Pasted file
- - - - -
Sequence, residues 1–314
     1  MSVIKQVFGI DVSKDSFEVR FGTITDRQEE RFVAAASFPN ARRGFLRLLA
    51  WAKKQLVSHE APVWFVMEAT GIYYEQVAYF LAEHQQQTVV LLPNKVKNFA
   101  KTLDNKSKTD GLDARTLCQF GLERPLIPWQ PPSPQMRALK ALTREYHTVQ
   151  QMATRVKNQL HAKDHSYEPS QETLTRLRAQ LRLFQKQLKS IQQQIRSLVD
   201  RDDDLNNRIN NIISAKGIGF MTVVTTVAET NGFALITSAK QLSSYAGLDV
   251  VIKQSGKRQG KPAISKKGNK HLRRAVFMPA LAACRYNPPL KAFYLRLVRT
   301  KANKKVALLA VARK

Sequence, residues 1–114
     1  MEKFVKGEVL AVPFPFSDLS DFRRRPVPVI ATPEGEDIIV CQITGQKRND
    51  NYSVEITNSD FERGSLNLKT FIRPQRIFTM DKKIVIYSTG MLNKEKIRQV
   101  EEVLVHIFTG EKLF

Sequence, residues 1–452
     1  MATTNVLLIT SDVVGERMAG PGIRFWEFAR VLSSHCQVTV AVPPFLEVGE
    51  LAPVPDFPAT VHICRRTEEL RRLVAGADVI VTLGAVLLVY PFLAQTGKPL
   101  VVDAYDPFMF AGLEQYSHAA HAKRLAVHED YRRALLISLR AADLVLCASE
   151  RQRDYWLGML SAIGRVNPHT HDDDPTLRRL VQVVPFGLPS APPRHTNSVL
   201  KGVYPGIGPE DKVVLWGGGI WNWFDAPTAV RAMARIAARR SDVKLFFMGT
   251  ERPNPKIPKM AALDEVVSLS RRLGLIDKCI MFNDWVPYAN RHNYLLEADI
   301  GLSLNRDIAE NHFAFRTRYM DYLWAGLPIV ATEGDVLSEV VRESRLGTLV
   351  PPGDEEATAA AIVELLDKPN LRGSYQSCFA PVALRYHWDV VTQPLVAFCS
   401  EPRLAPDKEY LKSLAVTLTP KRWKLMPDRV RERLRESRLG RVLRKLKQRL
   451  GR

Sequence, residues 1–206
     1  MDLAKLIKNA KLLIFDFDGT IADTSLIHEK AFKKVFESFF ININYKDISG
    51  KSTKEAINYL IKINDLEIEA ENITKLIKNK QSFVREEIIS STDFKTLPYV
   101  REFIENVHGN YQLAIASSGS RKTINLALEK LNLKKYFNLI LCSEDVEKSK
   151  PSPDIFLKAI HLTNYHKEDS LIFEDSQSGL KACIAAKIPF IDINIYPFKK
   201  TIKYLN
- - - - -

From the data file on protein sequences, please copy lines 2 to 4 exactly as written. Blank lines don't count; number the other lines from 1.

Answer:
     1  MSVIKQVFGI DVSKDSFEVR FGTITDRQEE RFVAAASFPN ARRGFLRLLA
    51  WAKKQLVSHE APVWFVMEAT GIYYEQVAYF LAEHQQQTVV LLPNKVKNFA
   101  KTLDNKSKTD GLDARTLCQF GLERPLIPWQ PPSPQMRALK ALTREYHTVQ